For the reasons here stated, we would find the Act invalid in its entirety. We respectfully dissent.

Justice Thomas:

I dissent for the reasons stated in our joint opinion, but I write separately to say a word about the Commerce Clause. The joint dissent and THE CHIEF JUSTICE correctly apply our precedents to conclude that the Individual Mandate is beyond the power granted to Congress un-der the Commerce Clause and the Necessary and Proper Clause. Under those precedents, Congress may regulate“economic activity [that] substantially affects interstatecommerce.” United States v. Lopez, 514 U. S. 549, 560 (1995).

I adhere to my view that “the very notion of a ‘substantial effects’ test under the Commerce Clause is inconsistent with the original understanding of Congress’ powers and with this Court’s early Commerce Clause cases.” United States v. Morrison, 529 U. S. 598, 627 (2000) (THOMAS, J., concurring); see also Lopez, supra, at 584–602 (THOMAS, J., concurring); Gonzales v. Raich, 545 U. S. 1, 67–69 (2005) (THOMAS, J., dissenting).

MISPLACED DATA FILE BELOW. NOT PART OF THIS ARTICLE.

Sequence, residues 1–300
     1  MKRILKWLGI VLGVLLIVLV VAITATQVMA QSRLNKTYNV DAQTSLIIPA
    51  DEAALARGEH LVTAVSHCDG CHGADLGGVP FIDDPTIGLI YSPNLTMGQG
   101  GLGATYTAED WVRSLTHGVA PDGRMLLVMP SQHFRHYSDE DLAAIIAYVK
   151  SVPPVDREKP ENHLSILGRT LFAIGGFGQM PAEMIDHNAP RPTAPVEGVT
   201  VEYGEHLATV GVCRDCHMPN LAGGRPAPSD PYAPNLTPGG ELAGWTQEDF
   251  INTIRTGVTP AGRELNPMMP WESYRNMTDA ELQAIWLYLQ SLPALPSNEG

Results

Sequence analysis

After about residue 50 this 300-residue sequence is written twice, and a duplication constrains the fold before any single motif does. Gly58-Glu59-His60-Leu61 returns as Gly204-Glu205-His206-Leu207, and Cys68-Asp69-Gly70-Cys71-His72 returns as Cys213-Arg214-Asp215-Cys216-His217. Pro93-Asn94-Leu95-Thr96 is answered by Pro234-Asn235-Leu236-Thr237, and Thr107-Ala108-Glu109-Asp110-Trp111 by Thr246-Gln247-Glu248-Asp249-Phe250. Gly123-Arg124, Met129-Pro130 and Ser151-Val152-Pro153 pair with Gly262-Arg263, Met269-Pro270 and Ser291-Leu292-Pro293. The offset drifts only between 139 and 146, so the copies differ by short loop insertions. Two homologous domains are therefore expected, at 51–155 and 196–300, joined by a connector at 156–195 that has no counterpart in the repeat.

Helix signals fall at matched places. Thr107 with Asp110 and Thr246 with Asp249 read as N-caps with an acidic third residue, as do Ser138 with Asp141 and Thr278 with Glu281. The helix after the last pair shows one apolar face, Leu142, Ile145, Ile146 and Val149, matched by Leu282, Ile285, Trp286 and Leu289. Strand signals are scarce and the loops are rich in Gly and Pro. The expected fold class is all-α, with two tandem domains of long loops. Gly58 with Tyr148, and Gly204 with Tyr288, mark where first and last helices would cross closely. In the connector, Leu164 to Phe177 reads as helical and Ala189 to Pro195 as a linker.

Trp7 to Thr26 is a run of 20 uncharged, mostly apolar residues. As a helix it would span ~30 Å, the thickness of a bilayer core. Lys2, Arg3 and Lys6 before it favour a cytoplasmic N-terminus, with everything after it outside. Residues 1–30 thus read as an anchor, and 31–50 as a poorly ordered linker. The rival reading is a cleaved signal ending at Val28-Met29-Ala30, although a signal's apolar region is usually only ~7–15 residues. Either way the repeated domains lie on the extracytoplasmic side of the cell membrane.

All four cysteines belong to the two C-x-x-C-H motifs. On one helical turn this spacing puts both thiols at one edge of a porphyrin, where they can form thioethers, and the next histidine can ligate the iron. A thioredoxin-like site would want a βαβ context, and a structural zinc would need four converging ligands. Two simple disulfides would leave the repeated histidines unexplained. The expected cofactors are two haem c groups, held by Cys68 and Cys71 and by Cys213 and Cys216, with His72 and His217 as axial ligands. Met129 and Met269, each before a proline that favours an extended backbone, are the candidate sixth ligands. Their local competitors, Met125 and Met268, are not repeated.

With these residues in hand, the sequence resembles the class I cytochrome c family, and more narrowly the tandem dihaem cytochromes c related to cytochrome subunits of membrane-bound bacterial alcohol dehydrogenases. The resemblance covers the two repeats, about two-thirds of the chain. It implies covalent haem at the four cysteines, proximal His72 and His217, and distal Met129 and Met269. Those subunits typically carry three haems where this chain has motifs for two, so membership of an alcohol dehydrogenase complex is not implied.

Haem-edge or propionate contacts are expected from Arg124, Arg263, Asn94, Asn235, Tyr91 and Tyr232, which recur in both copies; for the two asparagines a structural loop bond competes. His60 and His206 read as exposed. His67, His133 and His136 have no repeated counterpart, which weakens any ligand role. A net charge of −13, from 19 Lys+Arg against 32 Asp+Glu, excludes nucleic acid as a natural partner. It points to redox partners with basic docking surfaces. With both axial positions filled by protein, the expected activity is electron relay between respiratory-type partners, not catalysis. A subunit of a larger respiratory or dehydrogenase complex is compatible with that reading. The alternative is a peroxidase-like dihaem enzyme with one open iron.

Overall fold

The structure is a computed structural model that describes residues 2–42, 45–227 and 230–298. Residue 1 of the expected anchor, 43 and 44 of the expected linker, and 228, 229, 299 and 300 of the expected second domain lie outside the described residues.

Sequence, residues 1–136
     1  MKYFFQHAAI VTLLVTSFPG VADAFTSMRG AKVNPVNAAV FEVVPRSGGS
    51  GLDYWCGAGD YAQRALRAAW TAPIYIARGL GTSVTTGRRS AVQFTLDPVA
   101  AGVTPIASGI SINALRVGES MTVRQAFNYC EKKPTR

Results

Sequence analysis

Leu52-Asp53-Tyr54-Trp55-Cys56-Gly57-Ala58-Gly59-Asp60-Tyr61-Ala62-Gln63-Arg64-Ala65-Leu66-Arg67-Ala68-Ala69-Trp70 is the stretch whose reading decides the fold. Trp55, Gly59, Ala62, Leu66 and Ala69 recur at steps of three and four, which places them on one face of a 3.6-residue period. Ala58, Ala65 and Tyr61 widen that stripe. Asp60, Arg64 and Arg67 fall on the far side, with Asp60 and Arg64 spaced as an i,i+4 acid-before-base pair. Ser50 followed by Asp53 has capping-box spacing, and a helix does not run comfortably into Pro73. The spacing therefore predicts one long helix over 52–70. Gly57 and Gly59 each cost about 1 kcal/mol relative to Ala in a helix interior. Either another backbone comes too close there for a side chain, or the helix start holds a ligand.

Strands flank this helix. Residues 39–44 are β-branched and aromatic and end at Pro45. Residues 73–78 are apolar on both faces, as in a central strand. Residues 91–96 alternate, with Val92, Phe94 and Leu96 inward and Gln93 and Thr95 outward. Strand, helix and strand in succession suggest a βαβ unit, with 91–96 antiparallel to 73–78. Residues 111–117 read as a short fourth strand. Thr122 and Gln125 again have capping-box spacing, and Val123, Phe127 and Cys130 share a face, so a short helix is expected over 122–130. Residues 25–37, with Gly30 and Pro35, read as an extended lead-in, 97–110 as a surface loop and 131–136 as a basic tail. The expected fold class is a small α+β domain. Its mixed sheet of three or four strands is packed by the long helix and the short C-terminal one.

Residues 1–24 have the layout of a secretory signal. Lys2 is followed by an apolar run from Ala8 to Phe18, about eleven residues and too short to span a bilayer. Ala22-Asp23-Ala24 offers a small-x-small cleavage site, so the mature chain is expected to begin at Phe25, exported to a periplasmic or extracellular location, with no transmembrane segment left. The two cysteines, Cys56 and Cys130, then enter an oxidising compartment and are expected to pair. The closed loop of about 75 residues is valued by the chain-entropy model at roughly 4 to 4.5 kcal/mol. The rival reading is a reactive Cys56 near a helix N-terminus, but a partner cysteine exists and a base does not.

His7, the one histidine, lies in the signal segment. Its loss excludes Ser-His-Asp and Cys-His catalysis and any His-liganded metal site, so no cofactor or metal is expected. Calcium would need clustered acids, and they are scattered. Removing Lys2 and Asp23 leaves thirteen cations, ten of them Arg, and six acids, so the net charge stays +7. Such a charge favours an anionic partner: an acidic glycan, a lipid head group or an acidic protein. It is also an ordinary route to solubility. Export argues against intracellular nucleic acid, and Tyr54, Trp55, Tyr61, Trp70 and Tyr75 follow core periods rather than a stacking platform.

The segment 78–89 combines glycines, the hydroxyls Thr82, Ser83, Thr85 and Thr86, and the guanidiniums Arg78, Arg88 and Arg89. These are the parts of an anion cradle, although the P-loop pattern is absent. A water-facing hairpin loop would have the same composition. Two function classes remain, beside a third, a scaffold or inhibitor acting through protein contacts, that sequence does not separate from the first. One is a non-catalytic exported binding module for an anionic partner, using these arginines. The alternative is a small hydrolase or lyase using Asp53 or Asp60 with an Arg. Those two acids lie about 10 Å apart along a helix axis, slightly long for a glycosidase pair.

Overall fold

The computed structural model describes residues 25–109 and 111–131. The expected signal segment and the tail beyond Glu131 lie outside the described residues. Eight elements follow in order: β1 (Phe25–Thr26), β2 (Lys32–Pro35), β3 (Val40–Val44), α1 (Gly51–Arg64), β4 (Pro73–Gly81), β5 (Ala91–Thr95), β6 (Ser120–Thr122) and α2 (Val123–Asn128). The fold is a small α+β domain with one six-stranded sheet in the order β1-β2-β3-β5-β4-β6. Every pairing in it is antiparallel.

As I have explained, the Court’s continued use of that test “has encouraged the Federal Government to persist in its view that the Commerce Clause has virtually no limits.” Morrison, supra, at 627. The Government’s unprecedented claim in this suit that it may regulate not only economic activity but also inactivity that substantially affects interstate commerce is a case in point.

Would that people who take an oath to uphold the Constitution actually read our nation's highest law, as well as the laws they vote to enact. Dare to dream, I suppose.


Anonymous said...

Well, if the Feds are going to tax me, then as a small businees owner I intend to deprive them of income. I'll do more work under the table and for cash. I'll start running the Company at a loss then give myself loans to be paid back with interest from my stack of cash. I will beat them, they will pay for what they have done.
And we shall see what the States shall do. I'll move if I must but I will never give up I will never give in.

Anonymous said...

It appears that under the Robert's construction, if Congress can wrap any demand or restriction in the mantle of a tax, it is valid.

Since taxation must only be to fund legitimate activities of government, and those are described by the several limited enumerated powers, the Robert's construction seems to destroy the concept of enumerated powers.

If this is true, then this is Wickard on steroids and renders the Ninth and Tenth Amendments moot.

If this is true, we must call a Convention to rebuild anew what the Court has finally finished off. If we do not find a way to throw this self-funding and self-legalizing Leviathan back in chains, we will soon be swallowed up by it.

Reaganite Republican said...

Great stuff, linked here:

Americans React to Justice Roberts' ObamaCare Ruling...